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Comparison of Gender Issues in Canada and the United State

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  Indeed, labor unions in Canada have gone out of their way to help bring about employment equity both for their workers and on their own boards.   Linda Briskin writes that “ In an attempt to address the under-representation of women in top elected positions, many key Canadian unions and central have adopted affirmative action policies which allocate seats (either designated or added) on leadership bodies to women. ”     She goes on to point out that in 1983, the Ontario Federation of Labour amended its constitution to have five ‘ affirmative-action’ seats on its board.   The Canadian Labour Congress adopted similar policies in 1984.  Many unions across the country soon followed.   This served to increase the number of women on labor boards to 28% by the mid 90’ s.

Furthermore, in the 1980’ s, the Canadian Labour Congress expanded the list of ‘ tools’ courses it offers for its members to include women’ s rights and sociology, among other topics.   Before that time, the courses were generally limited to techniques in collective bargaining.   If a labor union is to remain a powerful force in politics and continue to advocate successfully for substantive equality, the unions must exercise their power from time to time.   A labor union, if it goes on strike, can cause major disruptions in the economic and social life of a country.   They can bring air-traffic to a standstill or halt road construction.   They can even prevent a person from buying food.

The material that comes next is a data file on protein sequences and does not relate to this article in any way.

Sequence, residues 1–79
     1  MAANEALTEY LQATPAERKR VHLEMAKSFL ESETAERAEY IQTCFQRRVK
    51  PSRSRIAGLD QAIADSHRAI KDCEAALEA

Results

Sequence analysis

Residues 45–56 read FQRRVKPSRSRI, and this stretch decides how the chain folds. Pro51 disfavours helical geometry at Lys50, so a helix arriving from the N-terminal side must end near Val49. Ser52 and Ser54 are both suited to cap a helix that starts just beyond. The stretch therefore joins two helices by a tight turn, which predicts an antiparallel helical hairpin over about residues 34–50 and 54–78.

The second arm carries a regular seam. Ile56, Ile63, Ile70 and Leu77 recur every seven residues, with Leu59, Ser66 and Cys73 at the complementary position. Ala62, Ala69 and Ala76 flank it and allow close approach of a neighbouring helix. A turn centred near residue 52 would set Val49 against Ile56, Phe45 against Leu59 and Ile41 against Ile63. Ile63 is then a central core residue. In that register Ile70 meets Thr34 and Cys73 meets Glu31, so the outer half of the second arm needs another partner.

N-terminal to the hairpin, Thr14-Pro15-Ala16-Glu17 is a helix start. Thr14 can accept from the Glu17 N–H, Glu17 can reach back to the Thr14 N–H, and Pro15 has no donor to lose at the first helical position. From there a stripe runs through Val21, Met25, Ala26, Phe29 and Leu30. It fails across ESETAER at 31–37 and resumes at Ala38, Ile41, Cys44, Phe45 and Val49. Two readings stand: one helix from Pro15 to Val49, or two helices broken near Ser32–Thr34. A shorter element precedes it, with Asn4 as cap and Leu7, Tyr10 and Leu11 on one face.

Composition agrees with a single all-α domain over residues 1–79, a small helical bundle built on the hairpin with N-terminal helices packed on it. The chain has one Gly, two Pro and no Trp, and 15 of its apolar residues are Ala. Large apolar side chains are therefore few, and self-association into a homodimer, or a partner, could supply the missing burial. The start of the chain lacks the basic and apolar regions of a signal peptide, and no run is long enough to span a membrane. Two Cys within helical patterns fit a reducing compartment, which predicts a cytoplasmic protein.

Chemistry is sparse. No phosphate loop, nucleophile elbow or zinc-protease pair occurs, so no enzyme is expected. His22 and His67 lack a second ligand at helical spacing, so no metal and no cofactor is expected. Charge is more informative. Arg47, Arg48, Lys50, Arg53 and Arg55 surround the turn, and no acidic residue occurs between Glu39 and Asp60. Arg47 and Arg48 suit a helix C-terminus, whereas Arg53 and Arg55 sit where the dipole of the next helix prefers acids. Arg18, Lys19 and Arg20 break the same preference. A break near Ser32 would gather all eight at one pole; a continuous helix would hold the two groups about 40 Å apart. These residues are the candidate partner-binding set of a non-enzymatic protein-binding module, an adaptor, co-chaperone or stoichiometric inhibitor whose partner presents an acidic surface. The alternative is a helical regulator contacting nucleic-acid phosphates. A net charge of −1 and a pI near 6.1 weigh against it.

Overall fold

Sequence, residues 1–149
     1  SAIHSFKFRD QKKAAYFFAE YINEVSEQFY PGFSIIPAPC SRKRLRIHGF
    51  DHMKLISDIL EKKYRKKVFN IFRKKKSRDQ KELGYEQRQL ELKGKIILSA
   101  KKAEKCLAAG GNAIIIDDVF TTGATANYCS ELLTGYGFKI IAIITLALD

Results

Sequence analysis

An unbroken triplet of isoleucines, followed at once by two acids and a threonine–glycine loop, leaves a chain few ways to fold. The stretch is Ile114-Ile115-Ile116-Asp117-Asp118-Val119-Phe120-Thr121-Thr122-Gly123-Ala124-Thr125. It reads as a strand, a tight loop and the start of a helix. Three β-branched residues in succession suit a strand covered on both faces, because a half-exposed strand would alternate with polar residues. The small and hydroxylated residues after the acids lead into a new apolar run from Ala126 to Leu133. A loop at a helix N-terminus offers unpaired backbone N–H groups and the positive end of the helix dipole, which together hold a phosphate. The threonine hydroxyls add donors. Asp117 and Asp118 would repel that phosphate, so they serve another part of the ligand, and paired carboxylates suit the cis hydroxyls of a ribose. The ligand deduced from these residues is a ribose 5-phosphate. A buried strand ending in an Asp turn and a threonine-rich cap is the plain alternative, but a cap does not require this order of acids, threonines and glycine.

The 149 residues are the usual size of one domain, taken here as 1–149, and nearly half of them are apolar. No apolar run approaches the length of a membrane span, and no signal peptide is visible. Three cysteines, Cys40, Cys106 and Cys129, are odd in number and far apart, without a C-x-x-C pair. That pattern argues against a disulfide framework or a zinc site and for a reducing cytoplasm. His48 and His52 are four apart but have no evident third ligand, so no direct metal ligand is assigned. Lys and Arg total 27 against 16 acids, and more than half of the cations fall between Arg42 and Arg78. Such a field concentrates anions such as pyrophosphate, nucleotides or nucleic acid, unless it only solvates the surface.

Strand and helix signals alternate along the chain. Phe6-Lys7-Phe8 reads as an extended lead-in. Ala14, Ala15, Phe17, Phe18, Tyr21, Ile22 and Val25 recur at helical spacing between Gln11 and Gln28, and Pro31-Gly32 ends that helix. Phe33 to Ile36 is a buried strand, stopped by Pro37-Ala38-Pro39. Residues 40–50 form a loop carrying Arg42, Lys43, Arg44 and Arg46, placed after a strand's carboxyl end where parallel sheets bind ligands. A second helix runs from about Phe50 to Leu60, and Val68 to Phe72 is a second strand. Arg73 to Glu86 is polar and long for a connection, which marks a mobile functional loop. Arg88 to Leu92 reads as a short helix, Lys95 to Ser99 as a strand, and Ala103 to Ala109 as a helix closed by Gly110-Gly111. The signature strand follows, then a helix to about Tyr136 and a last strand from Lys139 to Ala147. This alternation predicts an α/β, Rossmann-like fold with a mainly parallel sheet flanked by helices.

In The Feminization of Poverty: Not Only in America, Gertrude Schaffner-Goldberg and Eleanor Kremen write that, In the United States, as elsewhere, long-term trends in the labor market are creating more contingent work, less steady and secure employment, and fewer jobs with full fringe benefits for women (for most men as well).   Affirmative action and anti-discrimination policies have lost the support of the federal government, and some recent Supreme Court decisions have reversed rulings that furthered desegregation, both gender and racial.      

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